By: Nghiinomenwa-vali Erastus
Namibia, under the configuration of the Southern African Customs Union (SACU) is yet to finalise her tariff offer for the Africa preferential trade arrangement.
Ministry of industrialisation and trade, Lucia Iipumbu, made a presentation at a discussion hosted by the UNDP in November last year on the progress Namibia has made with regard the African Continental Free Trade Area (AfCFTA).
Namibia, being a member of SACU, is bound by Article 31 of the 2002 SACU agreement to negotiate any preferential trade arrangement as a collective.
Other SACU members include Botswana, Lesotho, South Africa and Eswatini. The five member states maintain a common external tariff, share customs revenues, and coordinate policies and decision-making on a wide range of trade issues
Currently, SACU offers stand at 89.8% and has a deficit of 17 tariff lines ( 0.2) percentage to reach the required threshold of 90%.
“Namibia will not be able to trade under the AfCFTA preferential trade arrangement until such a time that the SACU offer is finalised”, minister Iipumbu revealed.
So far, the country has submitted 41 tariff offers (goods) and 47 services offers, which encompasses five priority sectors of financial, telecommunication, transport, tourism and business services.
Trading under the AfCFTA officially launched on 1 January 2021, however, practically nothing much happened due to matters such as Rules of Origin and countries who did not submit their Tariff Concessions.
Currently, 43 countries have ratified the AfCFTA, whilst 46 of the 55 countries have submitted tariff offers to the AfCFTA secretariat, representing 85% of the African Union membership. Additionally, 29 of the tariff offers received have been technically verified and certified as having met the minimum threshold.
In SACU, all other member states, with the exception of Botswana, have ratified the AfCFTA and work is ongoing to review the SACU initial offer of 5988 tariff lines, which represents 75% of the SACU tariff book, to comply with the adopted AfCFTA modalities.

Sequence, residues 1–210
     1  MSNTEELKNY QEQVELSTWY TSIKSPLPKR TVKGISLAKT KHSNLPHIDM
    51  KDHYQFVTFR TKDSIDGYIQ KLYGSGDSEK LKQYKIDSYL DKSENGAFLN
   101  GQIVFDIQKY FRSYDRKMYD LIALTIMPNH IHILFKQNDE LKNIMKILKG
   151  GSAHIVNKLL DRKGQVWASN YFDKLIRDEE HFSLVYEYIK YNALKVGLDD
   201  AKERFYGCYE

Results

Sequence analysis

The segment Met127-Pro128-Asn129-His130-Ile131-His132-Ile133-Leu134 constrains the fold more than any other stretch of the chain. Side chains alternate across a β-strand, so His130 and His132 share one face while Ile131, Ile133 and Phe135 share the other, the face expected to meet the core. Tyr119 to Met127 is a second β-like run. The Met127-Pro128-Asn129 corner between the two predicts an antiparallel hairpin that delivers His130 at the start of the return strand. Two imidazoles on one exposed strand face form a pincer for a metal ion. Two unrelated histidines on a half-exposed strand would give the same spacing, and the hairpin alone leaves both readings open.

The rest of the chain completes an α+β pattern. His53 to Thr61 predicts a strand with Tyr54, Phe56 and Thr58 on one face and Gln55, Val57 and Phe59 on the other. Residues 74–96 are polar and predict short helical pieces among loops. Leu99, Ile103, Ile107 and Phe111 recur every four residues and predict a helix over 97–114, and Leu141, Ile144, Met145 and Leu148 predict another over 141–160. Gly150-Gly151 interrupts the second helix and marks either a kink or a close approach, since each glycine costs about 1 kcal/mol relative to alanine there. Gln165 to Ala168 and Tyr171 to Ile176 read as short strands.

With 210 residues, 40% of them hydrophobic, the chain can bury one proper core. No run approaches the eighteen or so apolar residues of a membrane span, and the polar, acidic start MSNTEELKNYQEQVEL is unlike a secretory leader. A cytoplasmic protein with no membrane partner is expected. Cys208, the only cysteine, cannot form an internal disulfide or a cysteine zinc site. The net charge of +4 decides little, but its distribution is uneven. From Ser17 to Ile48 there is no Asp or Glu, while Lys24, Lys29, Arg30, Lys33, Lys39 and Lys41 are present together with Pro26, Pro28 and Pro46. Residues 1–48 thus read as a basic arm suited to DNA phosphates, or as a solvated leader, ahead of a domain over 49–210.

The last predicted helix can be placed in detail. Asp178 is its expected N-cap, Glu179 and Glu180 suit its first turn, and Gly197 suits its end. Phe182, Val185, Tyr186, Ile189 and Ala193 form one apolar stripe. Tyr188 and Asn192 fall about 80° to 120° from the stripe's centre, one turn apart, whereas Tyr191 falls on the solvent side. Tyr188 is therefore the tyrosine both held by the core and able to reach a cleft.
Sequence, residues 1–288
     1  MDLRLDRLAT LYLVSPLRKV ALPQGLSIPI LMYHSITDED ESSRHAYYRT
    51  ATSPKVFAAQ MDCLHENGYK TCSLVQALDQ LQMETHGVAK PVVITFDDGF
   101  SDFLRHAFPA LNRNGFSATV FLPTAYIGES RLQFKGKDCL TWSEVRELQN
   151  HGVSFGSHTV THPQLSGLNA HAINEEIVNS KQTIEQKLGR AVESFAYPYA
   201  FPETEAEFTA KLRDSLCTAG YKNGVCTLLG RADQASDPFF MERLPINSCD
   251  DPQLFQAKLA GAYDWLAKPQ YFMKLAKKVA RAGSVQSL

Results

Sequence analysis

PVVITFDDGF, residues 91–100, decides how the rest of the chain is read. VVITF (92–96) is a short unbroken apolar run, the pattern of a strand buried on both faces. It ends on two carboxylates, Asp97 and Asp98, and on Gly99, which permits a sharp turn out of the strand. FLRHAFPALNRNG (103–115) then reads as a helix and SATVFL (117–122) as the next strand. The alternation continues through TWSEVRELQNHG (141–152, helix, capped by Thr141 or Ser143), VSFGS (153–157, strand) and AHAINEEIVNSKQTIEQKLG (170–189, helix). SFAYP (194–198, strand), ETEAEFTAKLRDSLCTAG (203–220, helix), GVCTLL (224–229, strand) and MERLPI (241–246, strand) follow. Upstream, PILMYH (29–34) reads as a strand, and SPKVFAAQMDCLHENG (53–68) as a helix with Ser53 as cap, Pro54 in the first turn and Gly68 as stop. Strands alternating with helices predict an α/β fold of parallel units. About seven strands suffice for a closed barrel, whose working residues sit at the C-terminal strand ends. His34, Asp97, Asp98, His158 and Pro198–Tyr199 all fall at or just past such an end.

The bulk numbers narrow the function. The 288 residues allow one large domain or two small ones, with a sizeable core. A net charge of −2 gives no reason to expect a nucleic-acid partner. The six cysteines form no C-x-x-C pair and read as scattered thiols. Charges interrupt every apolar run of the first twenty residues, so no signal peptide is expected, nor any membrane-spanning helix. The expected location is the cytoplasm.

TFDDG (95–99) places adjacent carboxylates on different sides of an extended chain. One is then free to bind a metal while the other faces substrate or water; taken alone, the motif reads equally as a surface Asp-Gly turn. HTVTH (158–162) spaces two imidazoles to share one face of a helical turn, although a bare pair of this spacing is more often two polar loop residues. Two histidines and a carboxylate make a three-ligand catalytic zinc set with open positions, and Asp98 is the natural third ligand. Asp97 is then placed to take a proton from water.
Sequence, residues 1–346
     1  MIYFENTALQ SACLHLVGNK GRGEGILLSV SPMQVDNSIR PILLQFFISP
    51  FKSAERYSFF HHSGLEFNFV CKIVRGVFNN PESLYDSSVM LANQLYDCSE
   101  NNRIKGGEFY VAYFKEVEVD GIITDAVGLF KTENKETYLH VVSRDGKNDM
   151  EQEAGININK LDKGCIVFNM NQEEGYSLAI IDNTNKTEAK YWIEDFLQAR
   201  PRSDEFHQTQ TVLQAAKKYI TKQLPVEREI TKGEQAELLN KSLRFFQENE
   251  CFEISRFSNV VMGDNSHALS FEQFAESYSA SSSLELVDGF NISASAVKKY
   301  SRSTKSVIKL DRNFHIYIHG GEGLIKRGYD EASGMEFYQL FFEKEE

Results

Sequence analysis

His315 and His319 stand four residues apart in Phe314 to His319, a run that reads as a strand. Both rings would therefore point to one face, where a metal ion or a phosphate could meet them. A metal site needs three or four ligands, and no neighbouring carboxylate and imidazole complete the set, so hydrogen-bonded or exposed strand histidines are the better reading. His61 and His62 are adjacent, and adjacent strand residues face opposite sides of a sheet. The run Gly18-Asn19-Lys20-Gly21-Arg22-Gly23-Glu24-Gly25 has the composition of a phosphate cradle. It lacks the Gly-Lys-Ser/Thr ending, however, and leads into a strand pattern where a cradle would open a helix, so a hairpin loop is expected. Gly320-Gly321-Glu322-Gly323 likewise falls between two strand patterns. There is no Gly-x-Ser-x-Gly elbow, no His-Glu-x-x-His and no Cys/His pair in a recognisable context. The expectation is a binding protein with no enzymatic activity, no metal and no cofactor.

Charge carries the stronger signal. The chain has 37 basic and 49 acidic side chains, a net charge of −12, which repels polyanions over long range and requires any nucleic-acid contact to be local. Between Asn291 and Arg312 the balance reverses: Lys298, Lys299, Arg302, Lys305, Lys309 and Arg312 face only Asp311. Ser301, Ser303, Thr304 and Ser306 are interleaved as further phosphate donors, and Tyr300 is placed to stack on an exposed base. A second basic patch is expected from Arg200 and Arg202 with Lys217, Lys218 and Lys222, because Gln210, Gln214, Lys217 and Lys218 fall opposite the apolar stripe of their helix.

The of industrialisation and trade has highlighted that effective implementation requires domestication at national level in terms of customs infrastructures and tools such as trading documents, implementation strategy and action plan.
Namibia has developed the Implementation Strategy and Action Plan to guide and drive the implementation of the agreement which was launched on 21 November 2022.
The implementation of the AfCFTA is projected to open up new markets, offering additional access to a larger market for Namibia exporters of goods and services which currently depends heavily on European demands.
The business community stands to benefit from the launch of the national strategy which is a product of extensive consultations with stakeholders, Charity Mwiya, chief executive officer for the Namibia Chamber of Commerce and Industry.
“The effective implementation of the strategy will require all partners and the private sector to pool resources together and critically analyse how women, youth, and grassroots organisations can be in the forefront,” Mwiya said.
The country has also established the AfCFTA National Implementation Committee to oversee the activities comprised of representatives from ministries and agencies (OMAs), academia, private sector, civil society, youth and women organisations.
The overarching objective behind the AfCFTA is the elimination or reduction of tariff and non-tariff barriers amongst the 55 Countries. The agreement is aimed at integrating Africa’s markets by creating a single continental market for goods and services, and promoting cross-border movement of capital and persons, which are crucial for deepening economic integration.
The AfCFTA will also provide an opportunity for the continent to enhance its productive capacity and to build robust regional value chains to effectively supply the African market, with 1.3 billion consumers and a combined GDP of around $3.4 trillion. It further creates an opportunity to modernise and streamline customs processes, procedures and requirements for import and export in the continent.